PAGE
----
Apr 17, 2006

Credit card surcharges: An even darker side to interchange reforms

When Australia’s Reserve Bank forced card companies to cut interchange fees by half, they also abolished the no surcharge rule, so merchants can charge customers extra when they pay with plastic.

Alan Hale shares his firsthand experience with credit card surcharges in Australia. “Today, I had a business lunch at which I paid the bill using one of my credit cards,” he says. “Interestingly, the café chose to add a 2% surcharge to the bill. I don't think I'll use my credit card next time.”

You can see the 2% merchant fee added at the bottom of Alan's receipt on the right.

Merchants add a surcharge because they clearly don’t see enough value in credit cards as opposed to cash. They’re willing to accept cards if they don’t cost anything. Merchants don’t see cash as a major problem in need of a solution that costs them 2%.

Adding a surcharge on credit card purchases is a common practice in many countries. It is a huge barrier to moving cash transactions to plastic. Some banks have gone to the extreme of eliminating surcharges by reimbursing the cardholder, which is the approach taken by banks in India. In the café example here, that would represent a loss of 200 basis points per transaction. In comparison, the UK banking industry went through a major upgrade to Chip & PIN when fraud approached the crisis threshold of 30 basis points.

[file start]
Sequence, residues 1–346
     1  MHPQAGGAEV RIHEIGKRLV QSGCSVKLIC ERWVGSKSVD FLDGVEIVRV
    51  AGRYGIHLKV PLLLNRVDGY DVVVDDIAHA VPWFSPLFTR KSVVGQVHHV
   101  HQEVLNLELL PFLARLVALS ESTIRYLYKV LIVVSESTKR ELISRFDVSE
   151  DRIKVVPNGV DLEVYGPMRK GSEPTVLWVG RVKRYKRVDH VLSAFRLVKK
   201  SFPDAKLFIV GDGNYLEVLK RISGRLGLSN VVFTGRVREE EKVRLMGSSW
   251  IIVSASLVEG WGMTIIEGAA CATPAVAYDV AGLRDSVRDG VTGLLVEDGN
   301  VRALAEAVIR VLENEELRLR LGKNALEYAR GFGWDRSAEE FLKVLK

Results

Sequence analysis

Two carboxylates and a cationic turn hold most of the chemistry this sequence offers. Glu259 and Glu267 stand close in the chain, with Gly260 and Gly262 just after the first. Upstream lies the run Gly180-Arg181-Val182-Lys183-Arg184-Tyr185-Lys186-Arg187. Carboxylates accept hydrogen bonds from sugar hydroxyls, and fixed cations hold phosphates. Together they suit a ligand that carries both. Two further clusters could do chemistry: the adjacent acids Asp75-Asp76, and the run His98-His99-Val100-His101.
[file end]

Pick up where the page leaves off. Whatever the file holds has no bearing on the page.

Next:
Most Australian merchants didn’t immediately begin adding surcharges after the RBA decision. Things appear to be changing now.

“When our interchange fees were lowered by the RBA, it was part of a bundle of reforms,” Alan says. “One of the reforms was that merchants be allowed to pass on the cost of the interchange fee that they incur. Two of our major corporations decided this was something they would do: Telstra and Qantas. I have deliberately avoided making credit card payments to these entities, if at all possible. Other than these two major players, I haven't seen any other large or small merchants do this. Now a local café does this and it sets up an attitude in me that I will not use a credit card there any more, or maybe I just won't go there any more.”

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